Head Injury Does Not Alter Disease Progression or Neuropathologic Outcomes in Amyotrophic Lateral Sclerosis (ALS) Open Access

Fournier, Christina Nicole (2014)

Permanent URL: https://etd.library.emory.edu/concern/etds/x920fx580?locale=en
Published

Abstract

Background:Head injury has been examined as a risk factor for ALS that potentially accelerates neurodegeneration. A causal relationship between head injury and ALS has been proposed after observing pathologic findings of tau proteinopathy (the pathologic finding described with chronic traumatic encephalopathy (CTE)) and TDP-43 accumulation in the brains of professional athletes with ALS. Methods:ALS patients were surveyed to obtain head injury history, and clinical information was obtained from medical records. Head injury was defined as an event associated with loss of consciousness or requiring hospitalization, occurring greater than 1 year prior to ALS diagnosis. Demographic and clinical information from ALS patients with head injury was compared to ALS patients without. Linear regression was performed to determine if head injury is a predictor for rate of disease progression, as measured by the revised ALS functional rating scale (ALSFRS-R), while controlling for confounders. Additionally, head injury history was obtained from family members of ALS autopsy cases. The frequency of tau proteinopathy, TDP-43 proteinopathy in the brain, and pathologic findings of Alzheimer dementia (AD) were examined in ALS cases with head injury compared to ALS cases without. Logistic regression was performed with each neuropathologic diagnosis as an outcome measure and head injury as a predictor variable. Results:No difference was seen in rate of decline of ALSFRS-R between ALS patients with head injury (n=24) and without (n=76), with mean monthly ALSFRS-R decline of -0.9 for both groups (p=0.18). Of 47 ALS autopsy cases (n=9 with head injury, n=38 without), no significant differences were seen in the frequency of tau proteinopathy (11% with head injury; 24% without), TDP-43 proteinopathy in the brain (44% with head injury; 45% without), or AD pathology (33% with head injury; 26% without). Independent logistic regression models showed head injury was not a significant predictor of tau pathology (OR=0.4, p=0.42) or TDP-43 brain pathology (OR=0.99, p=0.99). Conclusion: Head injury was not associated with faster disease progression in ALS. Additionally, head injury did not result in a specific neuropathologic phenotype in ALS. The tau pathology described with CTE occurred in ALS autopsy cases both with and without head injury.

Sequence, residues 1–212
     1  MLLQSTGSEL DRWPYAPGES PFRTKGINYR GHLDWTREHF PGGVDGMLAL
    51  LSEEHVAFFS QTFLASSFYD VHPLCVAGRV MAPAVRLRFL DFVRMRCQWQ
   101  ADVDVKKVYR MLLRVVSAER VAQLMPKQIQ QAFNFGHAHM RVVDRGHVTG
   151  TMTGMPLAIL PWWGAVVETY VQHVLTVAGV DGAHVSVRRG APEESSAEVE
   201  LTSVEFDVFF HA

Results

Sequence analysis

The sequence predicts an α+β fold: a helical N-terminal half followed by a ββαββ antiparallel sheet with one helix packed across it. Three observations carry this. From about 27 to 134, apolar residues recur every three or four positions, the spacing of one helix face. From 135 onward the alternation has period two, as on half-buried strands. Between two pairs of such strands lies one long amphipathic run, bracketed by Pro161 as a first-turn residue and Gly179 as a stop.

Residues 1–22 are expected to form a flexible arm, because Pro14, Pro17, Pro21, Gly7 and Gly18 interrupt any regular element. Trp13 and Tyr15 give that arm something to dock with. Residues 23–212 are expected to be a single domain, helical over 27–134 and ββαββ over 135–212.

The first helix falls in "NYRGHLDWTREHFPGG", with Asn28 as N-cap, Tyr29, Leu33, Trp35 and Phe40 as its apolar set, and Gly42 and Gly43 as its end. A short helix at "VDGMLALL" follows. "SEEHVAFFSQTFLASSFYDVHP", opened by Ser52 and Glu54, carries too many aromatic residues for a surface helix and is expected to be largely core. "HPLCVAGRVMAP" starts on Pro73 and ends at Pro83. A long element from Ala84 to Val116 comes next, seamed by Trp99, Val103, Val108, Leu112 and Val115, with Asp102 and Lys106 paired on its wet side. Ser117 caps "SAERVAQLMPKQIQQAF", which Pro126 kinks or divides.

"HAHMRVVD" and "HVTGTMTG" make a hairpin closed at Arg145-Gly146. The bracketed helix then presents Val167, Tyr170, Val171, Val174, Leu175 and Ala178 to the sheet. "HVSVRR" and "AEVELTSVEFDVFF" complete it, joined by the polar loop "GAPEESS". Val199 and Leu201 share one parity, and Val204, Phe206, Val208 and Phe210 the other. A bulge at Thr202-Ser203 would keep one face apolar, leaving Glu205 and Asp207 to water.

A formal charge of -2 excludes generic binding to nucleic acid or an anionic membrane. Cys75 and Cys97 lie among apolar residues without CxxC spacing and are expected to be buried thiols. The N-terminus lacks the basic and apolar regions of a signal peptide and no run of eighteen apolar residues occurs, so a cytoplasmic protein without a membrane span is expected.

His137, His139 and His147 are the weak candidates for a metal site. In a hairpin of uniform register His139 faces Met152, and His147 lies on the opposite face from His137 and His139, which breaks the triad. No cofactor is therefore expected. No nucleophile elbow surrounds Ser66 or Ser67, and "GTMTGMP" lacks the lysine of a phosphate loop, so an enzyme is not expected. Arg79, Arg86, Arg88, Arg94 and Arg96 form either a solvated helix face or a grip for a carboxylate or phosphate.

Table of Contents

1. Introduction...........................1

2. Background............................3

3. Methods................................5

4. Results..................................9

5. Discussion and Conclusion.........11

6. References.............................13

7. Tables...................................17

About this Master's Thesis

Rights statement
  • Permission granted by the author to include this thesis or dissertation in this repository. All rights reserved by the author. Please contact the author for information regarding the reproduction and use of this thesis or dissertation.
School
Department
Degree
Submission
Language
  • English
Research field
Keyword
Committee Chair / Thesis Advisor
Committee Members
Last modified

Primary PDF

Supplemental Files